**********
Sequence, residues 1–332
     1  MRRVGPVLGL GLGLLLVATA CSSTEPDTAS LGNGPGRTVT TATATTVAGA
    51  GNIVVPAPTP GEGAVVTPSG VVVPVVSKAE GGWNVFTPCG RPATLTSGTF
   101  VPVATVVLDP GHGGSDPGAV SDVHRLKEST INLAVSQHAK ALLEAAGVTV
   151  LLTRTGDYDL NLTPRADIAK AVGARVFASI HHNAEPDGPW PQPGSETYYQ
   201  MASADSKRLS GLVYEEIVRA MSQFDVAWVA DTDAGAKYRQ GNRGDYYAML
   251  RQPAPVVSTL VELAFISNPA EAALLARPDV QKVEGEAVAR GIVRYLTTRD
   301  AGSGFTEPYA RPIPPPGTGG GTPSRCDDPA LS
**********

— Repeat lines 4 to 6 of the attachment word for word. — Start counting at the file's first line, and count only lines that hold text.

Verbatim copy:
   101  VPVATVVLDP GHGGSDPGAV SDVHRLKEST INLAVSQHAK ALLEAAGVTV
   151  LLTRTGDYDL NLTPRADIAK AVGARVFASI HHNAEPDGPW PQPGSETYYQ
   201  MASADSKRLS GLVYEEIVRA MSQFDVAWVA DTDAGAKYRQ GNRGDYYAML